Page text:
June 29, 2016

BW photograph of a charred log lying among rocks.

Copyright 2016 Kevin P. Mick Photography. All rights reserved.

This post is a bit of follow-up to the previous blog.  A little while ago, central Maryland went through a period when it rained on fifteen days out of an 18-day stretch.   This past weekend, West Virginia experienced deadly flooding.  Earlier this spring, parts of Texas experienced the same.  This is certainly not the case for many other parts of the country, and wildfire is a consequence.

The USDA Forest Service posted this assessment in May 2016, which called for a “significant 2016 wildfire season”.  The National Interagency Fire Center has a detailed report as well.  Once there, click the link entitled “National Wildland Significant Fire Potential Outlook”, which will take you to the full report.  The NICC homepage is here.

California continues its historic drought, and, as a result, it is another difficult fire season there.  In 2013, a wildfire in Yarnell, Arizona killed 19 firefighters-the Tenderfoot fire earlier this month threatened that same area.   A wildfire near Fort McMurray, Canada, in May caused a spike in crude oil prices, as it caused a shut-down of production from the oil sands in the area.  The three photographs here are from the North Cascades, which are in Washington state.

BW photograph of some peaks in the North Cascades around Washington Pass.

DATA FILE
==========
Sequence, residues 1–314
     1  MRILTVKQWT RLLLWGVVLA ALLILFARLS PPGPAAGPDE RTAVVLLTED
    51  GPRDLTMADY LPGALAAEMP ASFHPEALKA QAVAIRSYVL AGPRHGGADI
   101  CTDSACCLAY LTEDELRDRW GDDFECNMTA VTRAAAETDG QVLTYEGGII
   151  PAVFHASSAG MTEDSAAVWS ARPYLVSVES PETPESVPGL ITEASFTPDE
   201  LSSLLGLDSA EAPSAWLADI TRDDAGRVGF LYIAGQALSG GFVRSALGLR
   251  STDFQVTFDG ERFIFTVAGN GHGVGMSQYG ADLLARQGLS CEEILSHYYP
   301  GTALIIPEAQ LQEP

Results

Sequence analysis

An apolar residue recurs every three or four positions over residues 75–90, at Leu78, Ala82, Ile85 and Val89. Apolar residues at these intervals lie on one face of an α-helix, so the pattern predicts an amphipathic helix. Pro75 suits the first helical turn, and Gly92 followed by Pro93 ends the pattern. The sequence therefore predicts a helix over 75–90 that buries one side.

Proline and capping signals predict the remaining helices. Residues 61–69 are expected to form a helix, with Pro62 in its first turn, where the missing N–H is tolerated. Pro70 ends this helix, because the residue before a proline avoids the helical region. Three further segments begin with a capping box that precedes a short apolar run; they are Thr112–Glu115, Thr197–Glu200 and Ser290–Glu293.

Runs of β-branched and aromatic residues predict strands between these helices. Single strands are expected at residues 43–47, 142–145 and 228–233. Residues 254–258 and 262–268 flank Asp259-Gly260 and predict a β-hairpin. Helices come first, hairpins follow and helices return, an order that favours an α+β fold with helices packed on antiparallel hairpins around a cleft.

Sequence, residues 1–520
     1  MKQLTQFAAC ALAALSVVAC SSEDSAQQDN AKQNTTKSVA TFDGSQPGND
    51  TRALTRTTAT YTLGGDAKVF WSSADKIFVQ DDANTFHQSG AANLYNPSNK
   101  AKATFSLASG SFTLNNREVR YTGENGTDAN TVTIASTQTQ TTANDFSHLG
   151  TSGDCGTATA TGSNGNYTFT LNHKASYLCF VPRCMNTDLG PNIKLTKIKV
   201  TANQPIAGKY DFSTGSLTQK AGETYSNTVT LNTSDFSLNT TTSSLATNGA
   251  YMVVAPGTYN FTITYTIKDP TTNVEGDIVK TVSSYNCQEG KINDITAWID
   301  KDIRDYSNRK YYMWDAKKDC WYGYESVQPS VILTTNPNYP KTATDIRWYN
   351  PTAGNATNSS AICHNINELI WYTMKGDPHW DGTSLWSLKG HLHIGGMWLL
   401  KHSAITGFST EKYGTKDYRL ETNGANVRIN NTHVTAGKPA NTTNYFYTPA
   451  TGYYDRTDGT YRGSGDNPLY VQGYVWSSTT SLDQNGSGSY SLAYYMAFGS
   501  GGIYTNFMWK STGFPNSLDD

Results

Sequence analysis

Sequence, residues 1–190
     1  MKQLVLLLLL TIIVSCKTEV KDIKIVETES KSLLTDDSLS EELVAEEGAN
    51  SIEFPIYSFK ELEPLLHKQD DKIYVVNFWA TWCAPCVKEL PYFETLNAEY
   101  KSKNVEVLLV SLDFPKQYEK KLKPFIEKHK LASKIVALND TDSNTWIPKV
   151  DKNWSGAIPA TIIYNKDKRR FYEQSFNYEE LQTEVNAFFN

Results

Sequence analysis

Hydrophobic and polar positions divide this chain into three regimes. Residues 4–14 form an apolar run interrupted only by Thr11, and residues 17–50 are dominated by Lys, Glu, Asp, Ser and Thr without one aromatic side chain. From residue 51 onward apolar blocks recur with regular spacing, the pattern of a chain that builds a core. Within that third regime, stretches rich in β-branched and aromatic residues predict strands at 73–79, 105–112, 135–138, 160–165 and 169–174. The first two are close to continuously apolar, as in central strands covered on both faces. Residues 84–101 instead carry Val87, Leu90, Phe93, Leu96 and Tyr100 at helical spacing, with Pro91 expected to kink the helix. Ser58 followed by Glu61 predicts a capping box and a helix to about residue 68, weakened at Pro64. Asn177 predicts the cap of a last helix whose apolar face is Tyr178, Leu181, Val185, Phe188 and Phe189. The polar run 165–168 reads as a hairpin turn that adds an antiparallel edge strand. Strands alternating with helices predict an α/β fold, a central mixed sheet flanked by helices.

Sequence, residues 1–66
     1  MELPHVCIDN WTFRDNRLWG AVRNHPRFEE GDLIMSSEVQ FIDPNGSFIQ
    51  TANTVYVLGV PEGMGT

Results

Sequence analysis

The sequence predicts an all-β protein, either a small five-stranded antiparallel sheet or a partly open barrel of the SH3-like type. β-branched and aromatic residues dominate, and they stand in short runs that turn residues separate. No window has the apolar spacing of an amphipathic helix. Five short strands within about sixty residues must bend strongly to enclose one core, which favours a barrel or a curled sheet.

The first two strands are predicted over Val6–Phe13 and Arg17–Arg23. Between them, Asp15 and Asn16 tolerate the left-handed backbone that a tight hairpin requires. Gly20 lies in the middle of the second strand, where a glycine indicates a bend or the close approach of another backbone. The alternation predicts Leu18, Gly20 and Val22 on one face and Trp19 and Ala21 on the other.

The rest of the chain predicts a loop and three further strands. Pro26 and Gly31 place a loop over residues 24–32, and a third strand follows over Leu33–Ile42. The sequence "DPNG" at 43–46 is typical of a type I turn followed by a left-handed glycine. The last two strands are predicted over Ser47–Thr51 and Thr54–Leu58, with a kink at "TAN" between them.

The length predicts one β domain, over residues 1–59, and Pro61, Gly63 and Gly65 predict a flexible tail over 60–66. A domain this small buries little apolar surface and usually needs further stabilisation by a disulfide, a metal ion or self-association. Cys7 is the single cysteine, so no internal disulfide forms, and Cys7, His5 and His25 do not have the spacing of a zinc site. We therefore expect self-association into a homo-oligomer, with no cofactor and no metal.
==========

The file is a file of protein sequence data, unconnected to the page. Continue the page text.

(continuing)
Copyright 2016 Kevin P. Mick Photography. All rights reserved.

I recently had the opportunity to take a ride along the entire Cascade Mountain Highway…

BW photograph of charred pine tree trunks along a rocky mountainside.

Copyright 2016 Kevin P. Mick Photography. All rights reserved.

and there was ample evidence of past wildfire activity throughout that region.

There is an important interactive cycle at work here.  Climate change is one of the factors driving the abundance and ferocity of wildfires.   As trees burn, any carbon dioxide they have absorbed within their lifetime is released back into the atmosphere.  If the fire burns enough to kill the tree, it will then no longer be able absorb carbon dioxide.   In addition, the soot produced is one of the particulate matters that eventually accumulate in the arctic ice sheets, which, in turn, causes a faster melt.  In 2014, Dr. Jason Box completed a study regarding the impact of arctic wildfires and glacial melting-the results can be read here.  The above predictions about the 2016 wildfire season take on added significance when examined from this perspective.

It is always important to be careful with fire.  However, that diligence must be exercised with extreme prejudice when in drought-stricken, extremely dry, areas.  Unfortunately, those areas are increasing.

Take care.





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